This is an issue I’ve heard from many new grads at various different types of jobs, no matter what size the company: lack of mentorship. Being a new grad can be scary — when you’re given new responsibilities and are still learning the ropes, having someone to rely on if you have questions or for when things go wrong is important. Without proper mentorship and guidance, especially the first few months of your job, the transition to work life can be difficult.
I was lucky to have a lot of mentorship and guidance during my internship. While I have friends at larger companies who also encounter this problem, most large corporations have new grad programs, Employee Resource Groups (ERGs), or general mentorship programs to help you get on your feet. This is not true for a startup, where every single person is too busy doing at least eight different roles to hold your hand through the first few months. This is why you’ll likely see “self starter” as a job requirement for most startups.
If mentorship is critical for you, make sure to bring it up as a question for your hiring manager during the interview process. Some ways to ask this are: What are some programs or initiatives you have to transition new grads into the workplace? Or What networking opportunities are available to connect with people in different departments?
A common misconception with startups is that you’ll be paid far less for an entry level role than a larger company. This isn’t necessarily true — for an entry level job, at least, you are still likely to get industry average salary compensation whether you’re at a startup or public company. However, there are other things to consider depending on how early stage the company is. You likely won’t get free transportation, free lunches, chocolate covered pretzels and coffee on every floor. You probably won’t get really fancy company branded swag every few weeks. You might be lucky to even have a ping pong table. If these things are important to you, a larger company, or at least a later stage startup, is the way to go. What an early stage startup can (and should) offer you, though, is equity — especially if your compensation is lower than average. If your startup becomes one of the 10 percent of companies that don’t fail — well, high risk reaps high reward. In any case, never forget to negotiate.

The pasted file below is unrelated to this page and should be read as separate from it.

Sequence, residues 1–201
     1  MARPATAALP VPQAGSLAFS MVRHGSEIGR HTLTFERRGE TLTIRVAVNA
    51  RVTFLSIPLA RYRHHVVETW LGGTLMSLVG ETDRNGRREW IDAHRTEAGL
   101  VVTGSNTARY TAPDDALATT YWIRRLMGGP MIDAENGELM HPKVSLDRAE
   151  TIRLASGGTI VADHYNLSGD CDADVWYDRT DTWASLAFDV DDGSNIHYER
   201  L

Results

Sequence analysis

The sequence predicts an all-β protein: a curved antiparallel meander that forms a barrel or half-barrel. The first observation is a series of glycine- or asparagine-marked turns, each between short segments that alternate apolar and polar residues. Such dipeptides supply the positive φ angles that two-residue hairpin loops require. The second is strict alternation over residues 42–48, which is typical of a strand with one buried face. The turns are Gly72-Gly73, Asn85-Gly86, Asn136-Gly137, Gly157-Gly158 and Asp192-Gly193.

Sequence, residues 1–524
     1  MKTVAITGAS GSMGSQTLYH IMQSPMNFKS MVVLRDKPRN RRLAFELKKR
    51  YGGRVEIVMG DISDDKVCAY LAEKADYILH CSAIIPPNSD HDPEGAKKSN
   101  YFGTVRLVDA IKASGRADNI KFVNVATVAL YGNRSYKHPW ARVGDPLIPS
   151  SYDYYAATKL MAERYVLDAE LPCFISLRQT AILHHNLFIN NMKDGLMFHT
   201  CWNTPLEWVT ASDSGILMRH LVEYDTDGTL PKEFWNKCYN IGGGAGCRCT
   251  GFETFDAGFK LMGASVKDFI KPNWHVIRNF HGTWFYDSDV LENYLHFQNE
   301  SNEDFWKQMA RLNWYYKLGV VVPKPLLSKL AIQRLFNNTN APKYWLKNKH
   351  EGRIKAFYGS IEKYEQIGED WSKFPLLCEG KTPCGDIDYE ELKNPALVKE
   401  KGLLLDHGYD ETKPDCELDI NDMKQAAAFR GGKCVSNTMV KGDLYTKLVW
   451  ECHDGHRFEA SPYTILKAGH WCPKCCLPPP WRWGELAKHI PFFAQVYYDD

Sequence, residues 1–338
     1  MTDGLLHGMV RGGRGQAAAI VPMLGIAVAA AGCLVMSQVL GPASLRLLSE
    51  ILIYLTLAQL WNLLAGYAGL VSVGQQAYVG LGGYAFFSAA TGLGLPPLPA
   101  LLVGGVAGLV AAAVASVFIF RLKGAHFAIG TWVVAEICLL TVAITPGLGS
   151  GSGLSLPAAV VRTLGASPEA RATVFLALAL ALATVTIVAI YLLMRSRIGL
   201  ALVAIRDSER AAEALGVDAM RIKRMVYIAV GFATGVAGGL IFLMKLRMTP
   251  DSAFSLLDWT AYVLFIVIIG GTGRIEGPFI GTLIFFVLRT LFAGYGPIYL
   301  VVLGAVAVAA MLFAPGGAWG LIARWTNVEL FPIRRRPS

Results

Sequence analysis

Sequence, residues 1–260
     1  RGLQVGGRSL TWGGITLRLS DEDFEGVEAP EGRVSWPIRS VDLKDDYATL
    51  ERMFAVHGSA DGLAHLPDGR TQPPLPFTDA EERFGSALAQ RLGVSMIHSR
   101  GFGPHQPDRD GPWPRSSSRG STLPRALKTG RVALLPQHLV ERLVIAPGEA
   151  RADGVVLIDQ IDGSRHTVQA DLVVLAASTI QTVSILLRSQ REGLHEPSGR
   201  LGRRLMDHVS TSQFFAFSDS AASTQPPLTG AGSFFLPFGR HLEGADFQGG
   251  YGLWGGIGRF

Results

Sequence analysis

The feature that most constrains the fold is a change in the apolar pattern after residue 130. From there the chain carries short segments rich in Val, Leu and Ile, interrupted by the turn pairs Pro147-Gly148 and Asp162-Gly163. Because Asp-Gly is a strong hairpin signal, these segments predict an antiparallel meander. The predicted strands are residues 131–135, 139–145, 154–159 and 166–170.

This is more of a note for future jobs. Realistically, when you’re ready to move on to a new company, recruiters probably won’t be sliding into your LinkedIn DMs as often if you work at a no-name startup compared to a Walmart, Apple, Google, Goldman Sachs or TikTok. That brand name is great leverage to get you a better job title and negotiate a higher salary — and not just at other big companies, but at startups (where founders often look for “ex- [insert big name brand here] employee”) as well. However, don’t underestimate the skills that you can learn at a startup that are very attractive to larger employers, like being scrappy, having a fresh perspective and the ability to navigate ambiguity. Most people do go from larger companies to startups, but especially early on in your career, there’s no reason you can’t go the other way around.
Ultimately, whatever decision you decide to make, your early 20s is the time to find out what’s important to you. There is no wrong decision, only learning opportunities at very low risk. The biggest thing to remember is that your first job is not your forever job, so don’t put so much pressure on yourself.
Some questions you should ask yourself when deciding:
- Set your intention: What do you want to get out of your first job? Getting really good at the skills required for your career? Working closely with experts and industry leaders? Learning how to run a business from the ground up?
- How important is guidance and mentorship to you?
- What kind of corporate environment do you thrive in; do you need more structure or do you enjoy ambiguity?
- How important are factors like salary and company name?
- Are you risk averse or do you enjoy jumping into the unknown? If the latter, are you prepared for failure? What is your Plan B?